What’s that mantra we should all live by? Something about glass houses and not throwing stones?Well, yesterday, the sound of shattering glass was deaf
What’s that mantra we should all live by? Something about glass houses and not throwing stones?
Well, yesterday, the sound of shattering glass was deafening.
Suzy Menkes, formerly of the International Herald Tribune, latterly of Vogue online – a woman who is old enough to know better and really should rethink her hair do – saw fit to lob a missile at Catherine.
‘She doesn’t have Camilla’s joy,’ said 79-year-old Menkes in a podcast.
‘The Princess of Wales is a bit of a disappointment about jewellery. She gives the impression that she only puts it on when she absolutely has to.’
The Princess of Wales wears £25 Zara earrings for this year’s British Academy Film Awards. Liz Jones says Kate has no need of ‘priceless bling’ and remains in-touch with the rest of us
Queen Mary, great grandmother to King Charles, was famous for her love of expensive jewellery
Princess Catherine is more than happy to wear expensive jewellery for state occasions. She is pictured in the Lover’s Knot tiara and Queen Alexandra’s wedding necklace
An expensively jewelled Kate at a State Banquet in November
Kate took a very different approach with schoolchildren in Pakistan in 2019 – choosing £7.50 beaded chandelier earrings from Zeen
Well, yes! That is Catherine’s modus operandi, and one of the reasons we love her.
The Princess of Wales sparks joy whenever she makes a public appearance not just for her impeccable wardrobe, make-up and demeanour, but with her diplomatic use of jewellery.
She realises she is not Queen Mary, or even Queen Elizabeth II (who by the way gave Menkes her OBE, a nice bit of bling I’m sure Menkes only removes in the bath).
Times have changed, belts have been tightened. Yes, of course Kate wore the four-strand pearl choker with a diamond clasp, and the Bahrain pearl earrings for the Queen’s funeral.
But on anything other than a State occasion, Kate will choose something modest, even high street.
She knows that the ordinary people she spends 99 per cent of her time meeting at close quarters will be dazzled sufficiently by her smile, with no need of priceless bling.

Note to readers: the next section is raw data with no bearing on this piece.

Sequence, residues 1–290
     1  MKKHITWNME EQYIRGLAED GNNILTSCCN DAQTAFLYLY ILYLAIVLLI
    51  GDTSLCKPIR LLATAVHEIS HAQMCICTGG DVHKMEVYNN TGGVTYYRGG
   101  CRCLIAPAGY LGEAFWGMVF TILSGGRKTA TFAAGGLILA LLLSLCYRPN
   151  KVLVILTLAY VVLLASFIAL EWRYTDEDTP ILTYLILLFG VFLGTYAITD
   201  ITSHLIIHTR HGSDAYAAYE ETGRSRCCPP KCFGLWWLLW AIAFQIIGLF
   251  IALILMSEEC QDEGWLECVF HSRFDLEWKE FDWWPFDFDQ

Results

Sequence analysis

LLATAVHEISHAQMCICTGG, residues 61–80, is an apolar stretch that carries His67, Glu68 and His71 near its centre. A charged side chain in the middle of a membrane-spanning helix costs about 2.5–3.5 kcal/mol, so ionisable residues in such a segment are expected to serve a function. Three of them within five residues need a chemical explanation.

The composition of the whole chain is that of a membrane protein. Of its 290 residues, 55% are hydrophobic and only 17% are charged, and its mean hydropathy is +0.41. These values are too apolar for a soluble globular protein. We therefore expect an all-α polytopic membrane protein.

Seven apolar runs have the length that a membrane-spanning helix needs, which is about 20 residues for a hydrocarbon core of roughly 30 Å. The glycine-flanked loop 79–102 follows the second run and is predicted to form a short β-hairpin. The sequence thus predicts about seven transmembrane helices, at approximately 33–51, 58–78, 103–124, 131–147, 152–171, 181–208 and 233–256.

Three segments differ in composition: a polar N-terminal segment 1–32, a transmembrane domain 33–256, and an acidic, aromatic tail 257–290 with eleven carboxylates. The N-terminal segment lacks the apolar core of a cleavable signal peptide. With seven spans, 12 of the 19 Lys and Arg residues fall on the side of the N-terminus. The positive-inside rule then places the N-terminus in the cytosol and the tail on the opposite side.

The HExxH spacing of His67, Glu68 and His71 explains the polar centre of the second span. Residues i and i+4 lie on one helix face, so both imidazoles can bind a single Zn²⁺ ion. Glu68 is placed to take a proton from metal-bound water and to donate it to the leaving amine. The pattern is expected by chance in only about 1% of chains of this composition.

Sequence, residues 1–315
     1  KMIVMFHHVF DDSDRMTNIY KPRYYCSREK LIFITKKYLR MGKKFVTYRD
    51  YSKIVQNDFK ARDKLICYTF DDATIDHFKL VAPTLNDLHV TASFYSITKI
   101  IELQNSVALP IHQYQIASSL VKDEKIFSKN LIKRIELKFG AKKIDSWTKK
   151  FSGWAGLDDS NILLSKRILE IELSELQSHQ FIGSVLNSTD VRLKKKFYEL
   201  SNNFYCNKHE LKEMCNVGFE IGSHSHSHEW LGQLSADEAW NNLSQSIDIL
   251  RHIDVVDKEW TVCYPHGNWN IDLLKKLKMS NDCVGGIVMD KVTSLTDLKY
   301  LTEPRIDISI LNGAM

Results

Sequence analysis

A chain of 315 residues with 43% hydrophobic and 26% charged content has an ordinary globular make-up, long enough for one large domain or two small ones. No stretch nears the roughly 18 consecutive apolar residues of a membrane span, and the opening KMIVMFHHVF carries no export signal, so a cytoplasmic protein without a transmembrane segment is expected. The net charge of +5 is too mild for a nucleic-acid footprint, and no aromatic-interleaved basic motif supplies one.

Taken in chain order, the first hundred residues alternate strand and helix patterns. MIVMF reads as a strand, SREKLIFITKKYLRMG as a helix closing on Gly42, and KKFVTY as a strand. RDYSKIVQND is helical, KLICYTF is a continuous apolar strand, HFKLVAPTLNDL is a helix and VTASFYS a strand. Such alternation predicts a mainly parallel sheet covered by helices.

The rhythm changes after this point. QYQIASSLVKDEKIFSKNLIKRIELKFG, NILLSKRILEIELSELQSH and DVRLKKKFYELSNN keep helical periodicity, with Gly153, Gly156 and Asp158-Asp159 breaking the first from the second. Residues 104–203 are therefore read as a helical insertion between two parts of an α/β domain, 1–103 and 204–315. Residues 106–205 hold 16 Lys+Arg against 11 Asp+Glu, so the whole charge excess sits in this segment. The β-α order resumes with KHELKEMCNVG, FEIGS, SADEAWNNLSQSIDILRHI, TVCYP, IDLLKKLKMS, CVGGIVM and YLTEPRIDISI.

She is attainable, touchable – which is what we love about her.
Even for her first Christmas walk as the Princess of Wales, Catherine wore a pair of Sezane earrings, a gift from William costing just £100.
She chose the brand again for Ascot last month. Catherine puts meaning before a price tag. When she was given a pair of £25 earrings by a mother who had not long lost her teenage daughter to suicide, Kate continued to wear them for her more intimate meetings with other mums.
Kate will honour Diana by wearing her jewellery at important events: the pearl and diamond earrings for the Coronation, for example.
The three-strand diamond necklace, given to the late Queen by her father, King George, in 1950.
Catherine’s choices are about feeling the warmth from the women who went before her on her own skin.
Kate was happy to wear Diana’s engagement ring exactly as it was. (Meghan, in contrast, seemed unhappy with the ring that Harry had carefully designed – and set about ‘upgrading’ it).
Kate’s dazzling smile is quite enough, says Liz Jones. Here she wears £5 metal earrings from Accessorize
Kate’s Accessorize earrings in detail. They are not the sort of thing that Queen Mary would have worn
Kate was happy to accept the gift of Diana’s engagement ring as it was. She did not seek to alter or improve it
Kate ensures the provenance of every jewel is impeccable; she will never make the mistake of wearing ‘blood’ diamonds.
Suzy Menkes seems not to have the word ‘playful’ in her lexicon. But that’s the word the rest of us had in mind when Catherine arrived at the BAFTAs wearing not just an Alexander McQueen gown we had seen before, updated with opera gloves, but a pair of chandelier earrings from Zara costing 25 quid.
Could Kate have joked with the stars and pinched William’s bottom at the BAFTAs had she been toiling under the weight of jewels made heavy by history?
I very much doubt it.
Source: | This article originally belongs to Dailymail.co.uk